17-22. Prove that there is a root of the given equation in the specified interval by using the Intermediate Value Theorem.

CAS 17.

Solution. Let . Then . Since is a real-valued continuous function on the interval , there is a root such that by the Intermediate Value Theorem.

var('x'); f(x)=x^4+x-3

plot(f, 1, 2)

f(1)

f(2)

18. ,

Solution. Let . Then . Since is a real-valued continuous function on the interval , there is a root such that by the Intermediate Value Theorem.

var('x')

f(x)=sqrt(6*x-x^2)-1

P=plot(f, 0, 6)

show(P, aspect_ratio=1)

bool(f(0)<0)

bool(f(2)>0)

CAS 19.

Solution. Let . Then . Since is a real-valued continuous function on the interval , there is a root such that by the Intermediate Value Theorem.

var('x')

f(x)=x^(1/3)-1+x

plot(f, 0, 1)

f(0)

f(1)

CAS 20. ,

Solution.

var('x')

f(x)=exp(x^3)-x^6

plot(f, -1, 1)

bool(f(-1)<0)

bool(f(1)>0)

21.

Solution. is continuous on the interval , and . Since , there is a number in such that by the Intermediate Value Theorem. Thus, there is root of the equation in the interval .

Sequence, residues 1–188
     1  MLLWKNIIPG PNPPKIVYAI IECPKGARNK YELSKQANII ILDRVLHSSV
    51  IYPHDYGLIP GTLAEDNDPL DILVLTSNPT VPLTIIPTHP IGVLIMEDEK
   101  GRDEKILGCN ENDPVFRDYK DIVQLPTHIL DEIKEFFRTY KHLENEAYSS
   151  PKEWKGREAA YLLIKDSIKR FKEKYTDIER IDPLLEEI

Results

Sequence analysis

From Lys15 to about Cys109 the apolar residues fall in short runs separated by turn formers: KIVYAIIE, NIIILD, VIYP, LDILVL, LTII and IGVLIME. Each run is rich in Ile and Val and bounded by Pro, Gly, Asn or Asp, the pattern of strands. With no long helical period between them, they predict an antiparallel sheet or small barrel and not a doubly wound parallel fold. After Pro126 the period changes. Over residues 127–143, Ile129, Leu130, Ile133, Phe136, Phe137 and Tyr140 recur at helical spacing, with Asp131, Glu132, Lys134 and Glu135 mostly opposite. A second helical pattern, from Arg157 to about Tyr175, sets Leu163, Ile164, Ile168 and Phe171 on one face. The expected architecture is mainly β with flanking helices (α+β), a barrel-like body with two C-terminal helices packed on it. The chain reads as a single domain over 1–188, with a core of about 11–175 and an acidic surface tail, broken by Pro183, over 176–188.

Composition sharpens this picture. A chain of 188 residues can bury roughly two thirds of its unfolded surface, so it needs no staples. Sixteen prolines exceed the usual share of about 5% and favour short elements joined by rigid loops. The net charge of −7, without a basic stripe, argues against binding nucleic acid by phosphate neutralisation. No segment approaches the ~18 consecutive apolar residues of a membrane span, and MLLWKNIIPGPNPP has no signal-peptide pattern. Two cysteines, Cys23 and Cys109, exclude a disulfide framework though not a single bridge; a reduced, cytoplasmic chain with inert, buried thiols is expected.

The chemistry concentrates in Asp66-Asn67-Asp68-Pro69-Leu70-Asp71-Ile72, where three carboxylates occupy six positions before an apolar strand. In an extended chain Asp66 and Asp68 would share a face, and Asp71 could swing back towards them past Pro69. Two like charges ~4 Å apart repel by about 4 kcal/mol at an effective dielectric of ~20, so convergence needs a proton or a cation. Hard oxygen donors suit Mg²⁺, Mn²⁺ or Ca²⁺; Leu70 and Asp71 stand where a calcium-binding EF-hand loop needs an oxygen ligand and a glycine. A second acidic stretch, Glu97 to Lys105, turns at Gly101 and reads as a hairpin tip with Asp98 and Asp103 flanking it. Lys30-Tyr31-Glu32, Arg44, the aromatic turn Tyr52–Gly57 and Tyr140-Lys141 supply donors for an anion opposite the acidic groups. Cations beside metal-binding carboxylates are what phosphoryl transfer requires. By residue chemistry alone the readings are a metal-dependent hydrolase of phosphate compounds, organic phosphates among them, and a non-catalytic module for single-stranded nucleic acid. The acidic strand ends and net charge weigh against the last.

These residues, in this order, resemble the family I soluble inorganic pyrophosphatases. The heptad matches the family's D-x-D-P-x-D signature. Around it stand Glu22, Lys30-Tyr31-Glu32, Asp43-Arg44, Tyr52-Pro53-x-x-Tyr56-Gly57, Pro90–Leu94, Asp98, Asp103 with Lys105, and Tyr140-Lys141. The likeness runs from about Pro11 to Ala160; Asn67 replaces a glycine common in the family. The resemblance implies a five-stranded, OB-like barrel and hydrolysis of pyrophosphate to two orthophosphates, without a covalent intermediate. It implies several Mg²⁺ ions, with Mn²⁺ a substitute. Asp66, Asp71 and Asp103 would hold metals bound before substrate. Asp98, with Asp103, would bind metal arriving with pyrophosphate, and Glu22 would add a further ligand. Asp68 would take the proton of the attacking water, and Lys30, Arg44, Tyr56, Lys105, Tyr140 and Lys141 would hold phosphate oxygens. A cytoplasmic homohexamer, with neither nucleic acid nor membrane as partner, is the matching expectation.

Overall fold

22.

Solution. is continuous on the interval , and . Since , there is a number in such that by the Intermediate Value Theorem. Thus, there is root of the equation in the interval .

23-26. Show that each of the following equations has at least one real root.

23.

Solution. We may draw both and in one graph to find intersections. It shows the function has two real roots in  and .

p1=plot(exp(x), x, -2, 4, color='blue')

p2=plot(4*sin(x), x, -2, 4, color='red')

show(p1+p2, ymax=5, ymin=0)

The following Sage commands give the value of the intersection in each interval, or .

find_root(exp(x)==4*sin(x), 0, 1)

24.

Solution. Let . Then and . By the Intermediate Value Theorem, there is a number in such that . This implies that .

25.

Solution. Let . Then and . By the Intermediate Value Theorem, there is a number in such that . This implies that .

26.

Solution. Let . Then and , and is continuous in . By the Intermediate Value Theorem, there is a number in such that

. This implies that .

p1=plot(exp(x), x, -2, 4, color='blue')

p2=plot(4*sin(x), x, -2, 4, color='red')

show(p1+p2, ymax=5, ymin=0)

The following Sage commands give the value of the intersection in each interval, or .

find_root(exp(x)==4*sin(x), 0, 1)

27-28.Find the values of for which is continuous.

27.

Solution.   Suppose is continuous at in ℝ, then .

If is rational, then but or can be 1. If is irrational, then but or can be 0, this is a contradiction. Thus is discontinuous over ℝ.

28.

Solution.    is continuous only at since . But there is no nonzero in ℝ, such that .

<Calculator 2>

Calculus